Your Conduct in Family Court
Be careful of what you say and when you speak. In a court room setting, it’s always important not to speak out of turn. This can be hard for some and can be a problem for those who are not patient. When you and your ex are in front of the judge, wait until your attorney instructs you to talk. Do not respond to the other parent’s accusations. A quick response or an emotional outburst will do more damage than help. Sometimes the other parent will blurt-out an accusation that they cannot prove; use this to your advantage by allowing your attorney to explore the irrational behavior the other parent is displaying. Remember, allegations are nothing more than opinions without proof and even though you may find it hard to be silent, you can win your case by keeping quiet.
The Family Court Proceeding
Essentially, the judge doesn’t want to hear accusations that cannot be proved or simple argument. The judge wants just the facts and the surrounding circumstances which can be used to support a decision. Most of the time the judge will have already read your petition before stepping into the court room. Both sides will be able to present their case after which the judge will render a decision.
Sole Custody Factors Considered by a Judge
A judge isn’t going to dismiss your case because of a single factor in your case file or your personal life. Everyone has issues and nobody is perfect. However, the judge will not make a ruling that will negatively affect your children. The factors considered are:
- Stability: This is a general term for many different aspects of a person’s life. Historically, for fathers, this is slightly more difficult, depending on the age of the child and a few other determining factors. However, the court will take into consideration the stability of both parents before awarding custody. Your stability is reflected in financially security and your psychological make-up. A parent who can provide for their child and who is not likely to lose control of their temper is more likely to win a custody battle than the parent who cannot find a job or is prone to mood swings.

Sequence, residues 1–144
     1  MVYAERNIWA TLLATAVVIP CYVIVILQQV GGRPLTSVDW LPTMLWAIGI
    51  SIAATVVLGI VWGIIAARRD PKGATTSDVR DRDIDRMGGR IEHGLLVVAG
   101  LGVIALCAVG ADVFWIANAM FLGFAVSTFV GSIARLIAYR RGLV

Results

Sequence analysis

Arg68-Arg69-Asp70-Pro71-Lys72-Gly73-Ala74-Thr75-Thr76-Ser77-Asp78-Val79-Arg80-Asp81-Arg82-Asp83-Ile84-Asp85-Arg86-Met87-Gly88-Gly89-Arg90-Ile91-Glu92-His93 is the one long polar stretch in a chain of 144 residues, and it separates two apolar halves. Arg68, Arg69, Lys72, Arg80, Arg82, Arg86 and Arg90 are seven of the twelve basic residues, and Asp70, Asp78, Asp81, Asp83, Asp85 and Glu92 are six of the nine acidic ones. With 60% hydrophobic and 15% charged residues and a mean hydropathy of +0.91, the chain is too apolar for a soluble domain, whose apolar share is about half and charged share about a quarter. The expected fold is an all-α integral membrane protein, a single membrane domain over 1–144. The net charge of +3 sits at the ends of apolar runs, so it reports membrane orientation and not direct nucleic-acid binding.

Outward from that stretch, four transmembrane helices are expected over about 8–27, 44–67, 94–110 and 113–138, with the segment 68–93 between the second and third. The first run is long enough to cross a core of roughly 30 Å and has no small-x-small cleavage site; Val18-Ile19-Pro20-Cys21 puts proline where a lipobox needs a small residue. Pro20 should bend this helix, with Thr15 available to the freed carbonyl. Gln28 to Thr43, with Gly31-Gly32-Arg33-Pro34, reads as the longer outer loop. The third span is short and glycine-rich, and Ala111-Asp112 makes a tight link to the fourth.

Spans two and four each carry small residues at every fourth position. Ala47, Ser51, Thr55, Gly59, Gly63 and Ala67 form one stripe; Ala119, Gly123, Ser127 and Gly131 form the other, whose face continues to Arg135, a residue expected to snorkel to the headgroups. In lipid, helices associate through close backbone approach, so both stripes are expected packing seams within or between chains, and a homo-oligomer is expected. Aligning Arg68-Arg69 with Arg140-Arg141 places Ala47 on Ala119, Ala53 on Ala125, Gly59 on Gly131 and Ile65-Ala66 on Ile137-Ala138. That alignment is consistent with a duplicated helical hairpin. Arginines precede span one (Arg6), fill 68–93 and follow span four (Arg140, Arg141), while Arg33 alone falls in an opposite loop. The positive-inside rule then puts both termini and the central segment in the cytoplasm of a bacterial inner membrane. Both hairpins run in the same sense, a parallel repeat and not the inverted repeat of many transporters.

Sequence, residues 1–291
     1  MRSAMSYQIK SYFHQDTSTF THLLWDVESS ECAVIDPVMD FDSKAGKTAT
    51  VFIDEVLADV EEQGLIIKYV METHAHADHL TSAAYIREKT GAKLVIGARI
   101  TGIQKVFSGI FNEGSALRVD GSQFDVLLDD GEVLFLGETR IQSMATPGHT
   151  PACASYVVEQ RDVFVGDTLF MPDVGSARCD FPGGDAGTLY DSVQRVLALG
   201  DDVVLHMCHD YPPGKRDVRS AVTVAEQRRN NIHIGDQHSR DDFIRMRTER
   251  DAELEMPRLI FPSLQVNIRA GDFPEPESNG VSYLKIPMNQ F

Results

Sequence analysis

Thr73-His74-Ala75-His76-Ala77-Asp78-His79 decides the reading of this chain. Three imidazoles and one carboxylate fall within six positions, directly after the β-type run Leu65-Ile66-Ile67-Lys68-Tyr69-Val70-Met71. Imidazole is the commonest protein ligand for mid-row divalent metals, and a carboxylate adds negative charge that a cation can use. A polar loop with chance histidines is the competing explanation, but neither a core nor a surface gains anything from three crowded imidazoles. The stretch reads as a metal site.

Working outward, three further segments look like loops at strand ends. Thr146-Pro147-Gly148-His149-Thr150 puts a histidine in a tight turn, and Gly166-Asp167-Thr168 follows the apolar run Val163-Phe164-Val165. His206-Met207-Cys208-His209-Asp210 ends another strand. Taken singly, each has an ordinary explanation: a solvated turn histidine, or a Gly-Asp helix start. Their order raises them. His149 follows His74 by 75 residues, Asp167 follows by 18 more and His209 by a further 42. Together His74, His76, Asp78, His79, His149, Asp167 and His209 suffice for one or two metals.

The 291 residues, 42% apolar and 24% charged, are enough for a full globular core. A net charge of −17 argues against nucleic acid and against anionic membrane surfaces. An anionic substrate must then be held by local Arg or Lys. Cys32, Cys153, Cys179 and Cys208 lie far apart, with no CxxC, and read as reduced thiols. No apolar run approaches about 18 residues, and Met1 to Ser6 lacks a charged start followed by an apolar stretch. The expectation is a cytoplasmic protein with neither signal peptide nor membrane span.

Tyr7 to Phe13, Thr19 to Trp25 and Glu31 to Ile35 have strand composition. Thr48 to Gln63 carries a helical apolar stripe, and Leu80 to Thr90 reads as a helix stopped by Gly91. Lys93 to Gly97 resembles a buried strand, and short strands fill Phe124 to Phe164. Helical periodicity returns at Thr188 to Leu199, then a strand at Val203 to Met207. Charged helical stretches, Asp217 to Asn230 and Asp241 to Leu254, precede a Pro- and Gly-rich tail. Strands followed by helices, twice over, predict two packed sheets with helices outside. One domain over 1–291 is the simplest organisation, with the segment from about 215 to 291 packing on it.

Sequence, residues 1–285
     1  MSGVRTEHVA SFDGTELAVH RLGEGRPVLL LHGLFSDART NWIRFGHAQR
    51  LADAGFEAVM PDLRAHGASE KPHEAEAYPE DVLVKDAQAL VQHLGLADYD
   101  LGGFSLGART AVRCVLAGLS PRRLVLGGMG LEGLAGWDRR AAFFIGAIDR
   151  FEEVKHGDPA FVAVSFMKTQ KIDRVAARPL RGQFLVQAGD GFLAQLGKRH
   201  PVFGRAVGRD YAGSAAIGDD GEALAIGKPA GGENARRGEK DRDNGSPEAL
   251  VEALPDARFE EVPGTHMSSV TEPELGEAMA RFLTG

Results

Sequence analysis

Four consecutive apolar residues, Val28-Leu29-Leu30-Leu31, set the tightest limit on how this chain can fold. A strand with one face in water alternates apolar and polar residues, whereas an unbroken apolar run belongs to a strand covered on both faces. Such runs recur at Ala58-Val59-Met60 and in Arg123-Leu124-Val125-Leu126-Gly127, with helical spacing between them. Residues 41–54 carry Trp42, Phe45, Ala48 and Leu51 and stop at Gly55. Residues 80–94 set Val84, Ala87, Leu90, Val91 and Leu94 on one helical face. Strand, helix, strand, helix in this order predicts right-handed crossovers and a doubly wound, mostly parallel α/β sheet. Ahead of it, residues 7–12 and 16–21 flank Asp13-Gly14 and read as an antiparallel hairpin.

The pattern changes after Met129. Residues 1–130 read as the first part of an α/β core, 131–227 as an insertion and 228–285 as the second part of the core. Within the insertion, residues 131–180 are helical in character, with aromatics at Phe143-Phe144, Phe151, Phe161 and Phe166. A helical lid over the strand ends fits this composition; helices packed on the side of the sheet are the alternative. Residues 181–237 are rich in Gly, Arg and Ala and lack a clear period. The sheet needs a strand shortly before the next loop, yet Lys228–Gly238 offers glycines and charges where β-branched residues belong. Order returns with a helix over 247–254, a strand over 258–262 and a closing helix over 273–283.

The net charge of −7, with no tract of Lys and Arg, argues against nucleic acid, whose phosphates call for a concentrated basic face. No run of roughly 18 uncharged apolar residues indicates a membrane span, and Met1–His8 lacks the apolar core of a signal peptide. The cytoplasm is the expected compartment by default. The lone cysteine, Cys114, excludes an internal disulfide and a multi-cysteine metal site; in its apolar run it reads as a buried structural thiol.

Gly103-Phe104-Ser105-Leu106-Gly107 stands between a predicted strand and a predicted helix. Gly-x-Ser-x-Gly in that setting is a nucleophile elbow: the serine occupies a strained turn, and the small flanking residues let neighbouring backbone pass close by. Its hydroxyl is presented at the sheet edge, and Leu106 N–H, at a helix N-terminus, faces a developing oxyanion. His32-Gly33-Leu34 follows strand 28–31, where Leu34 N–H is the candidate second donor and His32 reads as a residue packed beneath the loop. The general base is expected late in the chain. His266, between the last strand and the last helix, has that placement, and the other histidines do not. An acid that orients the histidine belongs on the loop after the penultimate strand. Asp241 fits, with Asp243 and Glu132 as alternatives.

- Relationship with your children: The bond you have developed with your child can be used to prove the need for custody, increased custody or even sole custody. If the child has stronger emotional ties to one parent over the other this will definitely come into play during the judge’s deliberation.
- Why You Want Custody: Your motive for seeking custody plays a big role in the judge’s decision to award custody. All parents want to be with their children but you need to remember that a child needs both parents. If you’re seeking full custody of your child, remember that the judge will take into consideration the potential emotional effects on the child and the possible damages to the child’s relationship with the other parent. If one parent is providing the child with a safe and stable environment, taking them out of that environment to live with the other parent could be detrimental to their well being.